Garden-to-table guide to tomatoes

Tips for growing and caring for tomato plants, plus our favorite recipes come harvest time

Homegrown tomatoes

Photo by Ted Stefanski; written by Julie Chai

Homegrown tomatoes

Nothing beats the flavor of a ripe, homegrown tomato—it’s the pure essence of summer.  And you can get plants in the ground as soon as the weather warms up in spring, after all danger of frost has passed.

With hundreds of varieties to choose from—in shades of gold, orange, crimson, chocolate, and even green; in sizes ranging from cherry types that you can pop into your mouth like grapes to giant two-pounders—your biggest challenge will be finding room for all the varieties you want to grow!

More: Our favorite varieties to help you get started

 

 

 

How to plant and grow

Written by Julie Chai

How to plant and grow

Tomatoes love heat, so grow them in a spot that gets full sun (this means at least six hours a day). Before you plant, mix 4 to 6 inches of mature compost into your soil so that it’s packed with nutrients. You can give tomatoes a stronger start by pinching off some of the lower leaves, and planting their stems deeply.

It’s also important to stake or cage your tomatoes at planting time, so that you keep leaves and fruit off the ground, and give plants good air circulation. When plants are young, water often enough so that their roots don’t dry out, and keep the soil moist but not soggy. As plants grow, water less often but very deeply since tomatoes have deep roots.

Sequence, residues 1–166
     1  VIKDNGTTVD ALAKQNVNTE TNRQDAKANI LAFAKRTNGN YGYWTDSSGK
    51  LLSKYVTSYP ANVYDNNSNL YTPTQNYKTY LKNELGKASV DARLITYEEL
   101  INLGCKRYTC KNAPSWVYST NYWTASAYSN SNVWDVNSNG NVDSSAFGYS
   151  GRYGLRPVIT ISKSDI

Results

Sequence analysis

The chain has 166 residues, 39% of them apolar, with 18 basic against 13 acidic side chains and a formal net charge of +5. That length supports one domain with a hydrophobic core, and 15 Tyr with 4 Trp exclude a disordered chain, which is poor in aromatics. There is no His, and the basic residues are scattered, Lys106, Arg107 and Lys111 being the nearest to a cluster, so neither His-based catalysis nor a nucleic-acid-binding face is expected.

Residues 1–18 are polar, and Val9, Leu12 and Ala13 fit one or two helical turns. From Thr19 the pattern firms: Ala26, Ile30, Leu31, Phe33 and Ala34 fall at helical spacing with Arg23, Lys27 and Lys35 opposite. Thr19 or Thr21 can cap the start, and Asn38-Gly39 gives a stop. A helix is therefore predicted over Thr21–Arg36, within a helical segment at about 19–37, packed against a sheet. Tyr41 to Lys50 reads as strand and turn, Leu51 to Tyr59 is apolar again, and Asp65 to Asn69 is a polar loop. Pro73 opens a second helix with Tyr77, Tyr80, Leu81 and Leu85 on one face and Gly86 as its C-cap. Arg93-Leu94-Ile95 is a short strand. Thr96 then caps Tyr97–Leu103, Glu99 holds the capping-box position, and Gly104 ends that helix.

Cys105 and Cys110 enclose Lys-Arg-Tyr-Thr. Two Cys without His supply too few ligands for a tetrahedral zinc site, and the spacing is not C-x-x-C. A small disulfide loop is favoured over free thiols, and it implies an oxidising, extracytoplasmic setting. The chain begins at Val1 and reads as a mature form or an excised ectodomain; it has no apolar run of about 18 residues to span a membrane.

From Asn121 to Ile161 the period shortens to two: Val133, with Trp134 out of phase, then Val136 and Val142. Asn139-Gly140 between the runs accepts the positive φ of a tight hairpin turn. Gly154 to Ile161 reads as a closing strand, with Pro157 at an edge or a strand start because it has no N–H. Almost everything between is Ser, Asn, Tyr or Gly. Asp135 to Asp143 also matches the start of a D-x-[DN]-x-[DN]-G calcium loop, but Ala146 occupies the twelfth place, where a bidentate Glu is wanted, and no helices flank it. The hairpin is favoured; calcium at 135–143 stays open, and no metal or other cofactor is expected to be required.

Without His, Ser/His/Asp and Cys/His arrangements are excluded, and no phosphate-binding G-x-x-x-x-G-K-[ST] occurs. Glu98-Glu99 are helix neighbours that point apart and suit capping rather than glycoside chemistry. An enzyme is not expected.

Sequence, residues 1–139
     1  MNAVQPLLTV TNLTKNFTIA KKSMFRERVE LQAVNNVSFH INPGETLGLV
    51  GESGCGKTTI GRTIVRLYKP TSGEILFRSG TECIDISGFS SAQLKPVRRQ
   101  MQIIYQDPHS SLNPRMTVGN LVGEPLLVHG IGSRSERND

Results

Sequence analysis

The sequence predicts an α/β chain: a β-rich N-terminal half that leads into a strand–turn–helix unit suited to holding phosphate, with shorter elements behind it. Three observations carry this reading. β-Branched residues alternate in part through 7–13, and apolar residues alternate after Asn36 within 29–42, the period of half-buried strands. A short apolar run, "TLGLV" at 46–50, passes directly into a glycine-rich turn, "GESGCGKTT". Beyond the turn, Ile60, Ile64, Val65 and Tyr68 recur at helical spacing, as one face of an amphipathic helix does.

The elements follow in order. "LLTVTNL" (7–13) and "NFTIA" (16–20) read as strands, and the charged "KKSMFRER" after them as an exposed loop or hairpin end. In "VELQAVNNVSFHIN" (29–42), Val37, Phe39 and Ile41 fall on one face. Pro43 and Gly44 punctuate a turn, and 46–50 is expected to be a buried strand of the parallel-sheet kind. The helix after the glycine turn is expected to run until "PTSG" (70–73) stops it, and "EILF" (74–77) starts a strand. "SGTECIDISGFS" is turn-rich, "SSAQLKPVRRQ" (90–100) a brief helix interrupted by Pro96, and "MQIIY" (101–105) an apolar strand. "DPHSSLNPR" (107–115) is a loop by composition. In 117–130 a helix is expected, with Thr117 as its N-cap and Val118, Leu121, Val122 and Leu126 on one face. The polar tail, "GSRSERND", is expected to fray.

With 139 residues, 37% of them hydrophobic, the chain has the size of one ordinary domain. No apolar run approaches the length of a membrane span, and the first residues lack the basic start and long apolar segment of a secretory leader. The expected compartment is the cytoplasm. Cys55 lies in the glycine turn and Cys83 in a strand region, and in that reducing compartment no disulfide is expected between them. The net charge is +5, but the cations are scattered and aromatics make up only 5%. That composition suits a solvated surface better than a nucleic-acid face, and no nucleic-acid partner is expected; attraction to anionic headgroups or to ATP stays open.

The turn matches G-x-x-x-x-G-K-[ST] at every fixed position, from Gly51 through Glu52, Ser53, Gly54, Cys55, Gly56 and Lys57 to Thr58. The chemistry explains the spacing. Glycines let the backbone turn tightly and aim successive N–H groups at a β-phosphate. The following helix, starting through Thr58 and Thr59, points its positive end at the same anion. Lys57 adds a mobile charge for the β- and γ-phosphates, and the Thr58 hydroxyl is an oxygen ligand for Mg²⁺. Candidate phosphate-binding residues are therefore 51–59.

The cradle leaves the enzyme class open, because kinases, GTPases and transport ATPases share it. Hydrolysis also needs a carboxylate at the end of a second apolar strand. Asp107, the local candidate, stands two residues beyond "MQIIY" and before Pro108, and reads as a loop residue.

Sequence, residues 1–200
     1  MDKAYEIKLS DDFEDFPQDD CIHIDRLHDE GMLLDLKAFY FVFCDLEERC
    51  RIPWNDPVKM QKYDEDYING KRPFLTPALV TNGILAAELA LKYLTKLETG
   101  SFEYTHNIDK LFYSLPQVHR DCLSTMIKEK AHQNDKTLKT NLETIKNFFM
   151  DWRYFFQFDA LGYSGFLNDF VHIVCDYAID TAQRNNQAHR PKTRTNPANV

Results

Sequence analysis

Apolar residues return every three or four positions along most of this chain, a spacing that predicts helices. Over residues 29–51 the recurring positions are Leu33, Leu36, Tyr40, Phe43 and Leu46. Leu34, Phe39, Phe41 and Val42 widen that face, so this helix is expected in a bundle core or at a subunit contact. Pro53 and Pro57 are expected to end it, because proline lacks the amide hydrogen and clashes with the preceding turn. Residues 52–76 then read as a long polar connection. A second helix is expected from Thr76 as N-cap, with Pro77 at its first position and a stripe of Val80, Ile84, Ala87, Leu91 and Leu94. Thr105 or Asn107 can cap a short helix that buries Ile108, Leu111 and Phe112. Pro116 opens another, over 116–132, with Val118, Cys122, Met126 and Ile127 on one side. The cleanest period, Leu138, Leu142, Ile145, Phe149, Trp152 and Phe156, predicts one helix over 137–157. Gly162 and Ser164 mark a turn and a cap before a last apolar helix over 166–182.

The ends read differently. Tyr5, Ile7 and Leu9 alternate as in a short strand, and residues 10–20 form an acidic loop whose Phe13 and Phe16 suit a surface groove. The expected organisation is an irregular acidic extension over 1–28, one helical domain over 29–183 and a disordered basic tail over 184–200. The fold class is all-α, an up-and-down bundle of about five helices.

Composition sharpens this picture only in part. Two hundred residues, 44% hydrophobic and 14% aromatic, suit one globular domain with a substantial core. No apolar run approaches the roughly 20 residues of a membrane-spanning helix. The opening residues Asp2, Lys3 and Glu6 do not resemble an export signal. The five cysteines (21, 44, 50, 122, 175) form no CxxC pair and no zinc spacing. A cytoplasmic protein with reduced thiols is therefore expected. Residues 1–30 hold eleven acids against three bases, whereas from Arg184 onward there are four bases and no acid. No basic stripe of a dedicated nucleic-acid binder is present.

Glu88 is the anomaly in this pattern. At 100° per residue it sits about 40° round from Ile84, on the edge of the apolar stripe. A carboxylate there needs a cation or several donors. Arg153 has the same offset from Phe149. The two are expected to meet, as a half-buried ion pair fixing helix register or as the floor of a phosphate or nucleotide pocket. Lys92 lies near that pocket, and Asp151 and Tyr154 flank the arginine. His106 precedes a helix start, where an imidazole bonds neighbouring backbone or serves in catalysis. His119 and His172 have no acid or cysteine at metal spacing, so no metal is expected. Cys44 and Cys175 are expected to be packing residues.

More:

How to plant tomatoes

How to make a cage

How to stake

How to harvest

Photo by Norman A. Plate; written by Margo True

How to harvest

Snip fruit from the stem with scissors or puners or gently pull by hand. Tomatoes ripen best on the vine. If your plants still have green tomatoes hanging on them after the weather starts turning cold, pick them from the vine and bring them indoors to ripen.

Marinated Heirloom Tomato Salad

Photo by Andrea Gomez; written by Margo True

How to cook: Our favorite tomato recipes

After a few months, once you’re ready to harvest, here are some of our favorite ways to eat tomatoes.

Marinated Heirloom Tomato Salad

This is a great way to show off all the different varieties of tomatoes you’ve grown. Try mixing whole cherry tomatoes on the stem with juicy slices and wedges of larger tomatoes, and use as many colors as you have available.

Recipe:  Marinated Heirloom Tomato Salad

Roasted Tomato and Three-Chile Salsa

Photo by Iain Bagwell; written by Margo True

Roasted Tomato and Three-Chile Salsa

Heat and a bit of blackening gives the tomato a savory depth that’s only enhanced by toasted chiles. Make the salsa to eat on the side with chips or grilled meats, or use it in any of the three recipes we developed to showcase it: beef burgers, smoky huevos rancheros, or Mexican steak salad.

Recipe: Roasted Tomato and Three-Chile Salsa

Tiered Tomato Soup

Photo by James Carrier; written by Margo True

Tiered Tomato Soup

Such a pretty soup! It’s cool tomato on the top and velvety avocado below. Top it with a sprinkle of diced cucumber, and you have summer in a glass.

Recipe:  Tiered Tomato Soup

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